Monday, June 3, 2013

Today's the day!

Yes, it's out now, L'Amour Actually is now available in a bookshop near you. Here it is in my local Waterstones

Thursday, May 30, 2013

Four days to go!

Only four days to go until the official release of L'Amour Actually.  Cheeky Amazon has already sent out copies to people who pre-ordered but on the plus side it means I've had my first review before the book is officially released. And it was a 5 star one.

And for your delight and delectation, here it is:

He held up the X-ray to the light, so I could see it.
"Look, you have a mobile phone embedded in your brain. No wonder your head hurts," he smiled.

L'Amour Actually is a fabulously fun frolic which gives the reader a delightfully humorous portrayal of the reality of living the "French dream" through the eyes of our hapless yet hopeful heroine, Melanie Jones. Despite having the good fortune to snap up the only good looking farmer in France still in possession of all his own teeth, Melanie lurches from one farcical situation to another, often in an unfortunate state of undress. Disappearing elderly cats, semi-naked morbidly obese chickens, bulbous-bottomed line dancers, myriad medical mishaps, an Essex girl with a lethal right-hook and a frighteningly true-to-life eccentric British ex-pat community - combined with a liberal sprinkling of sublimely witty one-liners - make this compulsive reading. Crack open a nicely chilled bottle of rosé, curl up on your favourite armchair and enjoy...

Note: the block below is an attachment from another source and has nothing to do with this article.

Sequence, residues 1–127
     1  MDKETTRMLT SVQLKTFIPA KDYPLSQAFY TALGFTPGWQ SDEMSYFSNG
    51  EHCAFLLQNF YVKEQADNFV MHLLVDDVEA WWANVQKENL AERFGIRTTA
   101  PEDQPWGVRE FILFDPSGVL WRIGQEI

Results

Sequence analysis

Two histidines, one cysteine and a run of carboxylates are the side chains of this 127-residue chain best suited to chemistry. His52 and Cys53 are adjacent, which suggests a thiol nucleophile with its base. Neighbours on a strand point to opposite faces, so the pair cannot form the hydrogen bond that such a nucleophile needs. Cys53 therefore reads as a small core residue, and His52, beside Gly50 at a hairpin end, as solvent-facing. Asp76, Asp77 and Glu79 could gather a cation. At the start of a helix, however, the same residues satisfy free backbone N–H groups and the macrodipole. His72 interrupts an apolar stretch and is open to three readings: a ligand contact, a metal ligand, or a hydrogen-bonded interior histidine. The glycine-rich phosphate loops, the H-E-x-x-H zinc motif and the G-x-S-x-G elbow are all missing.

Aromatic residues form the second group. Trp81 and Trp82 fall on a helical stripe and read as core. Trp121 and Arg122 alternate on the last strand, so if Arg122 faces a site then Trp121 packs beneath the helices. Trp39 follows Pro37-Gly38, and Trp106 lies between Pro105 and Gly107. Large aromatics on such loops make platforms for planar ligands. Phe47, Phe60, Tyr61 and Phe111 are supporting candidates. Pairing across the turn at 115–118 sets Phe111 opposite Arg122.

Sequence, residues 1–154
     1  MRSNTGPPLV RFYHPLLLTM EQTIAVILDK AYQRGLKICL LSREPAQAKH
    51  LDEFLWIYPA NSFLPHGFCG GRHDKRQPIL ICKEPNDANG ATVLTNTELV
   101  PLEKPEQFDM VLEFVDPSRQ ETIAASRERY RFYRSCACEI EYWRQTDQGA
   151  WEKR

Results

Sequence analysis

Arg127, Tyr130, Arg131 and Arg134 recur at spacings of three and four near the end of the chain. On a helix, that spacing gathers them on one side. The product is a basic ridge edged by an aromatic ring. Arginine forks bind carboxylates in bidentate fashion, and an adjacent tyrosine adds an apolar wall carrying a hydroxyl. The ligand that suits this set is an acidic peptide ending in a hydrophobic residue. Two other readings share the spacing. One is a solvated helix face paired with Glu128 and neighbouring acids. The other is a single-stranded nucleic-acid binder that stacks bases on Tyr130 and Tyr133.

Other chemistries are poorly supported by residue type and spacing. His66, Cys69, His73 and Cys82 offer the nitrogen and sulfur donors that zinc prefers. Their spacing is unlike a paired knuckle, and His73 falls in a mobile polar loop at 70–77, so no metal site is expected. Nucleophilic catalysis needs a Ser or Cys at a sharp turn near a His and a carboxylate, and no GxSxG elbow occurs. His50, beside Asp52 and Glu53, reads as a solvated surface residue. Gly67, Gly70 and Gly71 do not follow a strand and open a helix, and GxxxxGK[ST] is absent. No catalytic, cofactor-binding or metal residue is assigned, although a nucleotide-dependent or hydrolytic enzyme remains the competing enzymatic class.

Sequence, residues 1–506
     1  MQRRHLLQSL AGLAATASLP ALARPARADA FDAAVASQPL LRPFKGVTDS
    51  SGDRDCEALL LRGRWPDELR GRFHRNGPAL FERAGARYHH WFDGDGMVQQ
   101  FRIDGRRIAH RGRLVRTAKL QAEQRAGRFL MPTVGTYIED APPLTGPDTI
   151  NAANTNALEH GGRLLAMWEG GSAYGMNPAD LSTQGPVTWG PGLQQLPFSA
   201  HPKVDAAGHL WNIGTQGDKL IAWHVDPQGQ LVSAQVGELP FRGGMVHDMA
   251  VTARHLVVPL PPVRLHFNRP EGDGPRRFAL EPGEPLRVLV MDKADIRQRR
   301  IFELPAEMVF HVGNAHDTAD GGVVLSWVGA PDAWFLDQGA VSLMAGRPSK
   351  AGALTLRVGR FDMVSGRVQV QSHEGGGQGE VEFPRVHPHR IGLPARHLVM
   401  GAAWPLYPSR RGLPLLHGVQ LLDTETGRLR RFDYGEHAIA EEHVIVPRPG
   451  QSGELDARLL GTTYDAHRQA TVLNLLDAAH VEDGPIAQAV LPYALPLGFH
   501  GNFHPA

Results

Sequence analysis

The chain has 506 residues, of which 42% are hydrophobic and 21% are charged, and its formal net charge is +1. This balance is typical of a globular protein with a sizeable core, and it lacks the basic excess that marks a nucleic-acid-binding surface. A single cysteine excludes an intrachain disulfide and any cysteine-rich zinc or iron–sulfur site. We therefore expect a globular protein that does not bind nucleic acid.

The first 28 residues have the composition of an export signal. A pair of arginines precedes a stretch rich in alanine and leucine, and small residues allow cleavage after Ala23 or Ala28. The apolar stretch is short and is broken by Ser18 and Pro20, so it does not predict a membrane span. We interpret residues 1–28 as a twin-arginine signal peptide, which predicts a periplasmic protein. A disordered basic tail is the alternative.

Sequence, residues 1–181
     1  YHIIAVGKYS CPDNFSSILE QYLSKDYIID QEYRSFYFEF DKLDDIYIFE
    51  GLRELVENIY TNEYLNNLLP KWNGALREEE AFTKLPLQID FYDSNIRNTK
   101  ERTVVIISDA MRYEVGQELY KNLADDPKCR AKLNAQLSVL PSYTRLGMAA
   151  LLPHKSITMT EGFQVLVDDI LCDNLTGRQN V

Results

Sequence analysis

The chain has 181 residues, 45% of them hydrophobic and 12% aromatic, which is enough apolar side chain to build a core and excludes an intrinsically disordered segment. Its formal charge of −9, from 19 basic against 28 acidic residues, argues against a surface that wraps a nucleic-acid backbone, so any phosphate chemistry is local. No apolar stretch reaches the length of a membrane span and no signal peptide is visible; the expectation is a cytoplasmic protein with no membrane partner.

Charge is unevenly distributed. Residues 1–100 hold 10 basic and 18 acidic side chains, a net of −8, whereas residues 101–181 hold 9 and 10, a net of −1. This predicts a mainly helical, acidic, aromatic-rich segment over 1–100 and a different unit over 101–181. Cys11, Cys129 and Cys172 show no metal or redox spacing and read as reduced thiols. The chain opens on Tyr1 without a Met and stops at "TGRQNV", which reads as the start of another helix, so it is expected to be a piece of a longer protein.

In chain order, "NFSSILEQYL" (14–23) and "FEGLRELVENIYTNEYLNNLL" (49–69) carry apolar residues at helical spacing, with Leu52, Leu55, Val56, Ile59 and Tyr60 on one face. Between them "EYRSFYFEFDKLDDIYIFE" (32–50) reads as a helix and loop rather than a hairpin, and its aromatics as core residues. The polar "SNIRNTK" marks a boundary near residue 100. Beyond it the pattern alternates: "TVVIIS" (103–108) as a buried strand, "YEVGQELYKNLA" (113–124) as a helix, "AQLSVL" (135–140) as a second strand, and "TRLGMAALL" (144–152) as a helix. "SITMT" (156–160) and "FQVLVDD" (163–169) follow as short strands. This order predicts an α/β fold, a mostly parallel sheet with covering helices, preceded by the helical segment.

You can order your copy here

Wednesday, May 8, 2013

Nearly there!

It's just over three weeks until L'Amour Actually is launched on an unsuspecting world with its new cover and hopefully no typos!

Today the lovely people at Summersdale sent me a photo of my book as a real, proper book. My own copy should be with me in a few days. I can't wait. And just so you don't have to, here it is!

and in some fine company too!

Monday, February 25, 2013

Available to pre-order on Amazon now!

Available to pre-order now on Amazon. If you want a funny,  lighthearted read on the beach or on holiday, this is for you or your wife/sister/girlfriend/any other female you might know (and men too of course). And I will, of course, love you forever if you buy it!

Sunday, February 24, 2013

Writer Development Day

Yesterday I was lucky enough to go to a Writer's Development Day organised by Literature Works, a charity set up to support and encourage West Country writers. The speakers were Clare Wallace, Head of Rights at Darley Anderson, literary agents to the likes of Lee Childs, Jane Costello, Clare Dowling and Martina Cole,  and popular Women's Fiction author and the Royal Literary Fund Fellow at Bath University, Sarah Duncan, writer of five novels, two of which have made the lists for Romantic Novelists Association book of the year.

The idea behind the day was to learn more about how to approach agents, how to pitch your book and just what level of flattery is acceptable when writing a query letter.

Sarah gave some great tips on telling your story and some excellent advice on dos and don'ts; for example, agents don't tend to like books that start off a) talking about the weather b) waking up with a hangover or c) looking in a mirror.